Despite reforms, presidential nominations were still the domain of party bosses and hand-picked delegates to national conventions. Rank-and-file voters were not yet in the driver's seat. Most conventions were brokered by factional party leaders committed to favorite sons. Two example illustrate. In 1952, the Democratic National Convention chose Adlai Stevenson to be the party's nominee, even though Estes Kefauver had won more than three-fifths of the votes in the primaries. In 1968, the infamous Democratic National Convention in Chicago gave the nod to Hubert Humphrey even though he had not actively run in the primaries.

Conventions in the 1960s could be fairly raucus, reflecting the temper of the decade. Already noted were the Democrats in Chicago, who were anything but neatly packaged as they tried to deal with urban violence, protesting youth, the Vietnam War, and the recent assassinations of Martin Luther King, Jr. and Robert F. Kennedy. Delegates were overshadowed by riots, and outnumbered by 11,900 Chicago police; 7,500 Army troops; 7,500 Illinois National Guardsmen; and 1,000 Secret Service agents.[1]

Four years earlier, in 1964, the GOP had its share of tumult when meeting in San Francisco's Cow Palace. Their convention saw moderate Nelson Rockefeller booed and heckled, and conservative nominee Barry Goldwater assert that extremism in the pursuit of liberty is no vice.[2]

Since 1972, a new wave of change has given conventions the look they have today. One change has been the decline of party machines. Another has been the rise of campaign finance rules that sidestepped organized parties. A third has occurred as more states adopted the primary election system to choose delegates and sort out candidates. As William Safire points out, "By 1972, the proliferation of primaries ... made brokerage more difficult, though not impossible."[3]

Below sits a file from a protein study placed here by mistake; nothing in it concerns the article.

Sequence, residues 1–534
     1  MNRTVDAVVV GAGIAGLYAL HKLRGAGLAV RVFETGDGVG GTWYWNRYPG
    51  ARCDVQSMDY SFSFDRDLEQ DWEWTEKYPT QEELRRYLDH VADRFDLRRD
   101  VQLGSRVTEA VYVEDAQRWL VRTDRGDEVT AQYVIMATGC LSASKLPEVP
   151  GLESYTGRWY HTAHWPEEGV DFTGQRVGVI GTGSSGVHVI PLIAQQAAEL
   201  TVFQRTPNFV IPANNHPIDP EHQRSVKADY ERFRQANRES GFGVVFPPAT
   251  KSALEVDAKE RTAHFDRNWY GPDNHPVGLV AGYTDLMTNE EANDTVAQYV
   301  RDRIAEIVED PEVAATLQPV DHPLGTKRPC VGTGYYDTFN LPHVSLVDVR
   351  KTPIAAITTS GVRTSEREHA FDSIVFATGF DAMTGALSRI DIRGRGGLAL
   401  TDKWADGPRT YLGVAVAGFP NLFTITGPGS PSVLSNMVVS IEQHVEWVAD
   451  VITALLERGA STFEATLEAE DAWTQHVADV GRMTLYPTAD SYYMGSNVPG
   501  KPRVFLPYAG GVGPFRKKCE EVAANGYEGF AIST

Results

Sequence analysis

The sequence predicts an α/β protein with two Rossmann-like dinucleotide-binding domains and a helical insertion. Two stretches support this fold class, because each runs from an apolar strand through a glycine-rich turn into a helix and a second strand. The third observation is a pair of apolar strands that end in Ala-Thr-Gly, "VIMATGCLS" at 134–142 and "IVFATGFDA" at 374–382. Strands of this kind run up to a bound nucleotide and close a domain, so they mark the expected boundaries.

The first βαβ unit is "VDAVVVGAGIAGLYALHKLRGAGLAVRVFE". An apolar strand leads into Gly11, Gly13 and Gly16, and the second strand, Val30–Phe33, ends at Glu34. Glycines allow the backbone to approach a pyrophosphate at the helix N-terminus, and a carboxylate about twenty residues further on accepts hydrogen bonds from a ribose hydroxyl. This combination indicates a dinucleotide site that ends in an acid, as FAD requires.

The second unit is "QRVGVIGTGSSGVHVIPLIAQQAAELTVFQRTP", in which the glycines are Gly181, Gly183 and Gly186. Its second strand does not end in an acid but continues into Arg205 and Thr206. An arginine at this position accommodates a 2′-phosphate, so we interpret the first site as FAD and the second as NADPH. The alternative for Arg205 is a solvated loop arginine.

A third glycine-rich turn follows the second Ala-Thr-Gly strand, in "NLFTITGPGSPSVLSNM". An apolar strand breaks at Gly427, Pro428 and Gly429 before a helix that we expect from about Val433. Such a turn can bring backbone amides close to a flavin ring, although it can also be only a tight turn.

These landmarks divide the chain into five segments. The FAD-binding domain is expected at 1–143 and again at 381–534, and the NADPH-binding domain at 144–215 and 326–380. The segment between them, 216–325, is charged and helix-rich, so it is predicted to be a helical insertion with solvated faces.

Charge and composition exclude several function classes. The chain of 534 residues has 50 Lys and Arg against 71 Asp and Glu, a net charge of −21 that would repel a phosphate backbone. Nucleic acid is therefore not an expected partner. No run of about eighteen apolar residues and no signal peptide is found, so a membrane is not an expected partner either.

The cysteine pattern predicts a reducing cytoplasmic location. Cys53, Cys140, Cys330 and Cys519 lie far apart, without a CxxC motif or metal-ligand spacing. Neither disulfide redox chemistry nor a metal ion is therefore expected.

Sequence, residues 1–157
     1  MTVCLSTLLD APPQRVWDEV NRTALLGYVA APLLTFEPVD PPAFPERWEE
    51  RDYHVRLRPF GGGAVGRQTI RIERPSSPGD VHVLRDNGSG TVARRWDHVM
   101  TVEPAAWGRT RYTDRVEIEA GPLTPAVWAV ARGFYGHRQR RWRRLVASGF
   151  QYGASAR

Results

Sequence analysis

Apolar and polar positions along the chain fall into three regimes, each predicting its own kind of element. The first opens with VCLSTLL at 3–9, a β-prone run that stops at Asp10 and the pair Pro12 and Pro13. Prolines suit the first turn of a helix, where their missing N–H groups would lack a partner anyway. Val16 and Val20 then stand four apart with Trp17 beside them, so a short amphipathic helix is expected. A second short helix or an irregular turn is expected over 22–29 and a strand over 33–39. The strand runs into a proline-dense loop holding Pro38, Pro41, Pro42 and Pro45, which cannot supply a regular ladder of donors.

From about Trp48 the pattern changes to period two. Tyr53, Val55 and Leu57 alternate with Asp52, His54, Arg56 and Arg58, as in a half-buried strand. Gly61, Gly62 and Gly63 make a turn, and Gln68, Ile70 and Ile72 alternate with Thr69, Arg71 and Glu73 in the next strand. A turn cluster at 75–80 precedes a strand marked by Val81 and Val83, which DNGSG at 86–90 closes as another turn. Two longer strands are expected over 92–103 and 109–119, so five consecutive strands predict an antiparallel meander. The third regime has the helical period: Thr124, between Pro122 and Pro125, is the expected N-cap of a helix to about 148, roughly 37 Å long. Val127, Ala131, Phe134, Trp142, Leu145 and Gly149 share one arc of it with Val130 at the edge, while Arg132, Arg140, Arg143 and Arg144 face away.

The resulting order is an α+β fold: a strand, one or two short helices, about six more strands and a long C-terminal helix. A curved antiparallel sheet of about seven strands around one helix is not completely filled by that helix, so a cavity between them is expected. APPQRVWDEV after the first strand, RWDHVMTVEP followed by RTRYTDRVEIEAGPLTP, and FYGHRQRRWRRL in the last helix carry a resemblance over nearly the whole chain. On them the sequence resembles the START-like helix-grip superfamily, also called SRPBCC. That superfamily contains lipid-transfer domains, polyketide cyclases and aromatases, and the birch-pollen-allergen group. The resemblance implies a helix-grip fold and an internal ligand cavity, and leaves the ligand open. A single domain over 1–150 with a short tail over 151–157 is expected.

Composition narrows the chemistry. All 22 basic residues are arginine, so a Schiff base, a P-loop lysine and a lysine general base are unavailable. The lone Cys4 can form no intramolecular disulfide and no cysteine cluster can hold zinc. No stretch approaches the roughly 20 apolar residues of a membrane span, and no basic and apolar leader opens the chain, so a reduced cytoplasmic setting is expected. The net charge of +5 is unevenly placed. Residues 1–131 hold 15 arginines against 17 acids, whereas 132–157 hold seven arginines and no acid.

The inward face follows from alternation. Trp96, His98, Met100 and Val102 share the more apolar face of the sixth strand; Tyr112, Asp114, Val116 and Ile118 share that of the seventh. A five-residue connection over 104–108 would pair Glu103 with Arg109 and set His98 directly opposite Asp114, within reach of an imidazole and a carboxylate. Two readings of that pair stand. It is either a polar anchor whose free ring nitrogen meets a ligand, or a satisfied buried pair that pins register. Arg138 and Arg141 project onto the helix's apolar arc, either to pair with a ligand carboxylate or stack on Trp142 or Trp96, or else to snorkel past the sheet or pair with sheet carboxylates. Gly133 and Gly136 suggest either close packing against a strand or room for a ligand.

Major party conventions today lack the drama of those in years past, no doubt about it. Conventions nowadays are about speeches, about marketing a candidate and selling a party; they are usually not the venue in which momentous decisions are made.

The last truly exciting conventions occurred in 1980 at both party convocations. Democratic delegates, meeting in New York City, were divided between Senator Edward Kennedy and incumbent President Jimmy Carter. Although Carter won on the first ballot, Kennedy gave one of the most memorable speeches in Democratic convention history.

Also in 1980 the Republican convention meeting in Detroit provided excitement because, at the beginning of the convention, no one -- not even Ronald Reagan -- was sure who the vice presidential running mate would be. In Detroit there was a tense all-nighter in which Reagan tried to persuade former President Gerald Ford to be his running mate. The idea was that Reagan and Ford would be "co-presidents." Speculation ran rampant through the night, Americans tuned in, and several politicians went on national TV to proclaim that Ford had accepted the offer. Not so. In the wee hours it was learned that George H. W. Bush and Reagan came to an agreement.

Reagan, by the way, provided drama at an earlier convention that involved Gerald Ford. In the 1976 GOP convention in Kansas City, the former California governor made a serious run at incumbent Ford. After Ford narrowly won nomination at the convention, Reagan's numerous delegates chanted for Reagan to return to the floor and make a speech. Reagan answered the call -- and overshadowed the nominee -- with a rousing extemporaneous speech about leadership. The crowd went wild, and Reagan and the nation knew he'd be back in 1980.


Columbia University presidential historian Alan Brinkley observes that "political conventions have not been decision-making forums for half a century." But that may change in 2004. The Democratic convention in Boston and Republican convention in New York are "the first in more than 30 years to coincide with the combination of war, crisis, and bitter political division."[4]

[1]2004 Democratic National Convention Official Site, "Past Conventions," at
[2]Alan Brinkley, "Is Democracy Still Welcome in the Hall?" New York Times, July 25, 2004, section 15 ("Boston"), p. 3.
[3]William Safire, Safire's New Political Dictionary (Random House: New York, 1993), s.v. "brokered convention," p. 86.
[4]Brinkley, "Is Democracy," p. 3.